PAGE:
The other night I was watching the best show on TV, The Simpsons, and here's Bart in the opening sequence writing about a million times on the blackboard: "I will not make art from dung." I'd forgotten about all the silliness in the Big Apple a few months back when the mayor and senator wannabe tried to close down the Sensation exhibit at the Brooklyn Museum.
My first reaction to that story was that it was more New York local news that ended up on my doorstep because it was easy for the national media to cover. But then as now I perceived enough hypocrisy from every direction to stimulate a chuckle or two. We have Mayor Giuliani and the Catholic League denouncing an art exhibit that none of them had even seen, calling it sick, blasphemous, and unsuitable for Brooklyn, a borough known widely for the direction of its moral compass. They object particularly to a painting of the Virgin Mary that has a clump of resin-coated, pin-studded elephant dung on it. The head of the museum responds with a figurative Bronx Cheer. The mayor counters by threatening to pull the plug on city funds and fire the museum's trustees. The museum threatens to sue the city, and pretty soon the dung appears daily on the front pages of the tabloid press, which gleefully churns out extra editions. In the process, the Sensation exhibit lives up to its name, attracting record crowds seeking prurient titillation as well as hordes of protesters.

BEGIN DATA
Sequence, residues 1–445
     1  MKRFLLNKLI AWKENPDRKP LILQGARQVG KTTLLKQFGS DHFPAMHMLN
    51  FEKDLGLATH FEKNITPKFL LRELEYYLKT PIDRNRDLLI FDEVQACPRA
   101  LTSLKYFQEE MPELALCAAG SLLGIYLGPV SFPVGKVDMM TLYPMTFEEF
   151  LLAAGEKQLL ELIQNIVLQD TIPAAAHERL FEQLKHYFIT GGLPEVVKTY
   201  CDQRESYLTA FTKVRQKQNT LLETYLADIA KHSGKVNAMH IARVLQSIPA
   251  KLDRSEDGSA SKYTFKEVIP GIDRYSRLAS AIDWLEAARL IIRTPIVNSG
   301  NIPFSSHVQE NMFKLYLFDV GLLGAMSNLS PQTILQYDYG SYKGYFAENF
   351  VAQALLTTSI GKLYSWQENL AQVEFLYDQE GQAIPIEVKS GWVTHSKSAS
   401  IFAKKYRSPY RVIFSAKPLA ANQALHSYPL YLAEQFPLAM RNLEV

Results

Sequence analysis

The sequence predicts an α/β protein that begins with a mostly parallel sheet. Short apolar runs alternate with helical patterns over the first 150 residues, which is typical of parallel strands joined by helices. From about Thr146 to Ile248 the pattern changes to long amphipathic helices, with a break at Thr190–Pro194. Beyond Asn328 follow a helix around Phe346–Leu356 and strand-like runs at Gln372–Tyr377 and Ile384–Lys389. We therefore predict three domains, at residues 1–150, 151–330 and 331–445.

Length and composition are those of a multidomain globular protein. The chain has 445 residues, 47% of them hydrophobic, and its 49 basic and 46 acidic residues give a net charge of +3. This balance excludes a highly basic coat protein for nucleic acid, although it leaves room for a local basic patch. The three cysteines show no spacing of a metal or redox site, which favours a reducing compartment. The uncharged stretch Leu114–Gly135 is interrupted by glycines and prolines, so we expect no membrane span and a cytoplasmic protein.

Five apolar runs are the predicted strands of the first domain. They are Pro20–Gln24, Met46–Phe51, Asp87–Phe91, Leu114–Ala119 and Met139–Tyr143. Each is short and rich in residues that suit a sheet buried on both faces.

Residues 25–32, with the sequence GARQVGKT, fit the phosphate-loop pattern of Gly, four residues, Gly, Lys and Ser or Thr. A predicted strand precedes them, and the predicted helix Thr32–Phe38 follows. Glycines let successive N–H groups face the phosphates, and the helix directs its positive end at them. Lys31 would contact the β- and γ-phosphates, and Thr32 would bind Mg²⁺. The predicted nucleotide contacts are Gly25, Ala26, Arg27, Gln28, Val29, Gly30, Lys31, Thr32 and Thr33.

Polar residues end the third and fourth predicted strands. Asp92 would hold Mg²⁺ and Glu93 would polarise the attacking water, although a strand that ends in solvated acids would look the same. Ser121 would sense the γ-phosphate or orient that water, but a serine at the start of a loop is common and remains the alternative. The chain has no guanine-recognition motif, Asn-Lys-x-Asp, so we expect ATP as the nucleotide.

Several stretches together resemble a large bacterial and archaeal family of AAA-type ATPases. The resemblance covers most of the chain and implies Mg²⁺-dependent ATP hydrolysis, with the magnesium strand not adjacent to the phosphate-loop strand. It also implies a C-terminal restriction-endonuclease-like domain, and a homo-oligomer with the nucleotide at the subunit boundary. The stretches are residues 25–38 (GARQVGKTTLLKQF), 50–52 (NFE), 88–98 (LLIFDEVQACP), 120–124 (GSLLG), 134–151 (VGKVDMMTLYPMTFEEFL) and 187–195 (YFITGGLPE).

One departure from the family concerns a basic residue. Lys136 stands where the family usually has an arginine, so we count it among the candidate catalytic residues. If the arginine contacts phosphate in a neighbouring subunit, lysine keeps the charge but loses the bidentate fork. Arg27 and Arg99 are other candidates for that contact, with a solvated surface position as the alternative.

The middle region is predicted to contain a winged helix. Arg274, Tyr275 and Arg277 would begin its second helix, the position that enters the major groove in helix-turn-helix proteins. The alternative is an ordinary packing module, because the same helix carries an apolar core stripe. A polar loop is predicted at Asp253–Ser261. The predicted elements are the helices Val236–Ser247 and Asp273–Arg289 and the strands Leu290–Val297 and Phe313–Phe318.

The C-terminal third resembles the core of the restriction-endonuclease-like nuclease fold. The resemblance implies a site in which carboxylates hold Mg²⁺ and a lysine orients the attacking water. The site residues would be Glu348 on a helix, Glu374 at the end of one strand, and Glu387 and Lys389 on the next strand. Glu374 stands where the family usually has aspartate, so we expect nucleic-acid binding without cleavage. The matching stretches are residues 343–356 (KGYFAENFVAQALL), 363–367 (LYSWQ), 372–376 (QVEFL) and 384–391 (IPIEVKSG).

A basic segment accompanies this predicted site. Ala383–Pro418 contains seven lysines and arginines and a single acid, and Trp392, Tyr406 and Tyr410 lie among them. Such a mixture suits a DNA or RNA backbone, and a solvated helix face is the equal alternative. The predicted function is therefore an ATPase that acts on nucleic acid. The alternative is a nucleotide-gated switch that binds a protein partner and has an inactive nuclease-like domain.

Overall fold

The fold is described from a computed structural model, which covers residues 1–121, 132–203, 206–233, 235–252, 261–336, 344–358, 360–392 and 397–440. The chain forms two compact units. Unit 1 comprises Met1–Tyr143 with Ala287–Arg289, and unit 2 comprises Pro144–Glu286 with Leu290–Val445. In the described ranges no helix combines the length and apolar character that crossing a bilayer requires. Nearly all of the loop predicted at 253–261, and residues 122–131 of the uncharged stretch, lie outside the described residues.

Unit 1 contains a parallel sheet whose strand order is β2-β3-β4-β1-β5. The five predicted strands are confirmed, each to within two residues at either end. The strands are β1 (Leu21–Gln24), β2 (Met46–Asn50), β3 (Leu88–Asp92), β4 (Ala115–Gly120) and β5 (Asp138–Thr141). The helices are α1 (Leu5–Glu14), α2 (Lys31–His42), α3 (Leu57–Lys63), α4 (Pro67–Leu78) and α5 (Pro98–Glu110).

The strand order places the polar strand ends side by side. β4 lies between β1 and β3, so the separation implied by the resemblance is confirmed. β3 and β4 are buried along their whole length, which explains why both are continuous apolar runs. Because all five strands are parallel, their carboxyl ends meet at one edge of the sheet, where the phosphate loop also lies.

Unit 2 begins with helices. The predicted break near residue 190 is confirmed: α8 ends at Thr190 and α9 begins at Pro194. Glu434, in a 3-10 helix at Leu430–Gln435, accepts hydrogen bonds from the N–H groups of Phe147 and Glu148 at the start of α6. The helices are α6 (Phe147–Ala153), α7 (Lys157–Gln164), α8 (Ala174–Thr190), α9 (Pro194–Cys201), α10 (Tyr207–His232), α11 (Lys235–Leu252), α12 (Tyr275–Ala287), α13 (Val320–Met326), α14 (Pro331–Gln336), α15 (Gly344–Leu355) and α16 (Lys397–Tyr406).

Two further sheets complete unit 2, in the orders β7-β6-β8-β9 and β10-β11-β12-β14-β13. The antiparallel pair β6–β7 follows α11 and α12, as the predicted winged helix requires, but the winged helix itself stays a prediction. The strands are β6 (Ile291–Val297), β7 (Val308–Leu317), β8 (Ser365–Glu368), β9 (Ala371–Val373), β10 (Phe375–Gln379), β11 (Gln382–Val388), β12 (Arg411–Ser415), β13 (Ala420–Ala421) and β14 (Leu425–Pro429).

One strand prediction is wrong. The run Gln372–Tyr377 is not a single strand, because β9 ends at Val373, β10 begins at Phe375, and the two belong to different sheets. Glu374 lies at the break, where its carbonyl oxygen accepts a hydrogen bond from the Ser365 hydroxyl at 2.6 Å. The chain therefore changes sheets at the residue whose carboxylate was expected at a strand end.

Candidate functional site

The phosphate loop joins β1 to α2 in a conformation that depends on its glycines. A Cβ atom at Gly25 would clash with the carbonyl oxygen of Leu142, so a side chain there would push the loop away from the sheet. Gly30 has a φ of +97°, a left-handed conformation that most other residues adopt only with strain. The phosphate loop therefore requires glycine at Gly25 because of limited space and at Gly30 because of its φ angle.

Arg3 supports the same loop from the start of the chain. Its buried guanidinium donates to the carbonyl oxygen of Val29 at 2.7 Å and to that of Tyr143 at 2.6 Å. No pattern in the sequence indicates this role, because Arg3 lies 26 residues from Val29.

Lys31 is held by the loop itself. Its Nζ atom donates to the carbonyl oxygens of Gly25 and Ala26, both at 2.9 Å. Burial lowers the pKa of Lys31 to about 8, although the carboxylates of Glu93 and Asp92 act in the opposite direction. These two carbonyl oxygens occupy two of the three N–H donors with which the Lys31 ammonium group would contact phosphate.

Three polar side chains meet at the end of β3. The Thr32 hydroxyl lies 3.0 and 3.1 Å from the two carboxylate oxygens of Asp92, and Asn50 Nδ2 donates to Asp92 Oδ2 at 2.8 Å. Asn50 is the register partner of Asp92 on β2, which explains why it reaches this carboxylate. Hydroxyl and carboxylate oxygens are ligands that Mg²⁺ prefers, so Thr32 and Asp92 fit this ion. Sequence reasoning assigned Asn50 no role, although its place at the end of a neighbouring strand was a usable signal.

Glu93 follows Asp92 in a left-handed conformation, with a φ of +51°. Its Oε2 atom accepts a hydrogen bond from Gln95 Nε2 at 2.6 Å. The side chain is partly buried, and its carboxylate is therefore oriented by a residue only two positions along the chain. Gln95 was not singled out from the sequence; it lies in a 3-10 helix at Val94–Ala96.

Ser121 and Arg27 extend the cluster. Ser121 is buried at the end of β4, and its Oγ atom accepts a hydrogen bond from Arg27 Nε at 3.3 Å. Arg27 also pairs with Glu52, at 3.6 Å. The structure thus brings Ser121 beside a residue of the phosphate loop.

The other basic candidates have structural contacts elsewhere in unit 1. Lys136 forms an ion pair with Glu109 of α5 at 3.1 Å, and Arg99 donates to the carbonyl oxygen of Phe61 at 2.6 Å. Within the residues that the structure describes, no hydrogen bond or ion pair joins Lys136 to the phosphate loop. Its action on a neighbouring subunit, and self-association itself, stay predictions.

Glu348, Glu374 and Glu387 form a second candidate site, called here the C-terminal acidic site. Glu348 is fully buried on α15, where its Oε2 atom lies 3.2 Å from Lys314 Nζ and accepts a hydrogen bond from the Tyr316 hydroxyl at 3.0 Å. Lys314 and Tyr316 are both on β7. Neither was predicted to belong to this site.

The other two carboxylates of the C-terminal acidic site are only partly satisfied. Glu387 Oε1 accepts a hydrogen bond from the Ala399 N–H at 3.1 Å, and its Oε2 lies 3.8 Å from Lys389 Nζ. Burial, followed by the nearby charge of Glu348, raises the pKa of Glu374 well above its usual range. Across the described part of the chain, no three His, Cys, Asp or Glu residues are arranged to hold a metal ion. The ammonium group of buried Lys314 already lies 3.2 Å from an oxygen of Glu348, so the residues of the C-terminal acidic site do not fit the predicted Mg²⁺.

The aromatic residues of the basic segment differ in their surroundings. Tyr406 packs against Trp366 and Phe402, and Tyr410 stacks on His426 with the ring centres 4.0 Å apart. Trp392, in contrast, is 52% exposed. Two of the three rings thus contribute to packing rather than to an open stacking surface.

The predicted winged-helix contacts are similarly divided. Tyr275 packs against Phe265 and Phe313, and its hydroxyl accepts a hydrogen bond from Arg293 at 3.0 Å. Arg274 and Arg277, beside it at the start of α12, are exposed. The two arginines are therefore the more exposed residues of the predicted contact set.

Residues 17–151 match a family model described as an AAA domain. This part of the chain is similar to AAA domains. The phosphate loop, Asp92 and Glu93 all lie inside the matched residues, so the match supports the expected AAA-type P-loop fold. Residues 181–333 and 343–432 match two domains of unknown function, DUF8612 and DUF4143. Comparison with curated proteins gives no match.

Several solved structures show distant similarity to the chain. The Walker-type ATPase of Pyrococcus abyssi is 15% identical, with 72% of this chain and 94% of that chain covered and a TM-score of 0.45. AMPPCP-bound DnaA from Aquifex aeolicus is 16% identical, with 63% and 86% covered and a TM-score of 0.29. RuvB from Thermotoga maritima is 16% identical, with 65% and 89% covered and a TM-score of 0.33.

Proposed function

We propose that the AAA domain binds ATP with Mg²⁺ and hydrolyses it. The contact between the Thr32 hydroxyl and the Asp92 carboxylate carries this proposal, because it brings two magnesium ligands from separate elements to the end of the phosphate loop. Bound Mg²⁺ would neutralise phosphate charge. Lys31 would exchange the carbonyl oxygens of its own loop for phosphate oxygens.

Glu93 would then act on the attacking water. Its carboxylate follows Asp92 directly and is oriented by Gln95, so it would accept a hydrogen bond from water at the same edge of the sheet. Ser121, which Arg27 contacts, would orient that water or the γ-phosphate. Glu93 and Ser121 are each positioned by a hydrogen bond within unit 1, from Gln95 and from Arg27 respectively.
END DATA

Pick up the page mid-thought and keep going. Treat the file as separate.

This story has plenty of interesting angles. A crusading and ambitious mayor, supported by an important voting bloc, attempts to shore up the crumbling values of his community. But in order to do this, he must trample on the First Amendment right of free expression in the arts in a city that considers itself the cultural capital of the world. Plus, New Yorkers love a good old fashioned shouting match. The media couldn't devise a better plot if they staged it themselves. But that's exactly what happened, according to Steven Dubin writing in Art in America magazine.
The Sensation story began when a writer for the New York Daily News called William Donohue, head of the Catholic League, described the art works over the phone, and asked for a comment. Unaware of the exhibit before the conversation, Donohue sent a lackey out to buy a catalogue and subsequently issued a press release to the media and sent letters of complaint to every member of the city council. At that point, the Daily News was ready to break the story with the headlines "Brooklyn Gallery of Horror / Gruesome Show Stirs Controversy." From there the rest of the New York media jumped in and, within a week, Mayor Giuliani declared himself the arbiter of public morals and the sole judge of taste, milking the situation for all its inherent political gain. Meanwhile, the Catholic League turned up the heat on the heathen and received more public attention than ever before.
Dubin calls this scandal "a classic pseudo-event, conjured by the media's hunger for a good story." The dominoes were all lined up. It took but one phone call to topple the first one. So the media manipulated themselves. They made news from dung, man.